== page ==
My father was a person book writers dream about, a mystery unto himself. I remember him always looking for work and, when he found it, working all the time. Throughout his life, one or two or even three jobs were the norm. He was a bit on the small side with a big chip on his shoulder and a left hook that surprised many (fighting was an expression and a statement for him). He was cheerful and angry, content and non-content, irritable and quick-tempered, loving in his way and hurting.
We didn’t hug in those days. Saying I love you came late to the family. In some ways, kids were ignored. My father didn’t share much of his life. I don’t know his heritage, grandmother or grandfathers. His brother was rarely mentioned, and his stepsister’s history didn’t happen around the family get-togethers. There were no stories of the past. I believe they contained shame that many owned; I’m sure my dad’s did.
Our family lived in the traditional roles that mother and father played in the past. There wasn’t time for bonding with my dad. I felt alone, detached and distant, and I lived in my own separated world. Fending for myself with little guidance, direction or knowledge of what to do next. What was expected of me?
Yet somehow this man that couldn’t say “I love you”, hug you or share a true feeling or emotion made me secure in knowing that I was protected, loved and important. How he did that I do not know.
I know now that people love in different ways, shaped by situations, timing and circumstances. How could my dad pass to me a hug, express an emotion that he had never experienced? Growing up through the Great Depression he was alone. He had no real mom or dad in his life— they were gone for reasons that were never shared. I do know he ended up on the streets, fighting for food in clubs, sleeping in parked cars. I wonder if he ever felt loved.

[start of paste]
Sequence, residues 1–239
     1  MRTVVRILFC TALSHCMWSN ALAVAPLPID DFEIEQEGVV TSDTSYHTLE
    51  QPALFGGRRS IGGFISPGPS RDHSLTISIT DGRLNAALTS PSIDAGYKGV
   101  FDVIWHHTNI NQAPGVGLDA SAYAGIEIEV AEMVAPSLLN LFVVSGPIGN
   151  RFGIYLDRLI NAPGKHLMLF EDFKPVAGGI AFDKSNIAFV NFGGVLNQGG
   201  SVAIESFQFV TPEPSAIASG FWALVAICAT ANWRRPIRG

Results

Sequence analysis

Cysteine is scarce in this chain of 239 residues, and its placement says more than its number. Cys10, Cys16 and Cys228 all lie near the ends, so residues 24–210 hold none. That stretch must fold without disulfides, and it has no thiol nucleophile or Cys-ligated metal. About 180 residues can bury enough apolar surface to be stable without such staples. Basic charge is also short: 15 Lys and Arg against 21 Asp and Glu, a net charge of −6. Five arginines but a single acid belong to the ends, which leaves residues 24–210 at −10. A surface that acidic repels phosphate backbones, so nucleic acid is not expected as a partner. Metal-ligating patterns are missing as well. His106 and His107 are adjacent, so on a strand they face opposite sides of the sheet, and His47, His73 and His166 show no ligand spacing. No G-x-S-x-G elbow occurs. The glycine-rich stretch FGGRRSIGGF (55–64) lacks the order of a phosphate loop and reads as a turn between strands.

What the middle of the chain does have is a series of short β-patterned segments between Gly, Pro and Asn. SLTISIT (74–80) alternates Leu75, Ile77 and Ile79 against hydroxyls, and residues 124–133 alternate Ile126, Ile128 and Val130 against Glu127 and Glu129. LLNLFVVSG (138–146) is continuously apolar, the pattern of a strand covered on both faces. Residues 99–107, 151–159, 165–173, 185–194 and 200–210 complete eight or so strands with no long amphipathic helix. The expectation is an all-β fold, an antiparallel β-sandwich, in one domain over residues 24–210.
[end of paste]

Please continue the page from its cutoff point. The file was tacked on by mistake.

I guess I got carried away with this and need a point. People mostly do the best they can with what they have been given. My dad did his best, and I appreciate him for that. I love him for teaching me without education, worldly knowledge or book smarts. He made me feel loved. Through the years I have come to appreciate him so much more. I am so lucky that I never had a resentment toward my parents or a need to forgive them, because I believe there is nothing to forgive them for. I can only speak for myself, and for me, my dad did the best he could. Looking at his life allowed me to see his way of loving, of giving in the only way he knew how. Work, provide, be there.
I hope this doesn’t come across as a bit sad. For it was really a story of appreciation and exposure. As with all things, we have new awareness of the role fathers play, and today I am proud of the men I see—involved, responsible, loving the art of being a father and embracing the journey of fatherhood.
Men—keep going, make the memories, enjoy and set the examples for our future, for it is the family that still is the backbone of society. Join hands with the moms and make a difference together. But this is about Father’s Day, so I will leave you with this. One day is not enough time to say thank you to our dads.
In peace, love and laughter,
Joe Dunne, Publisher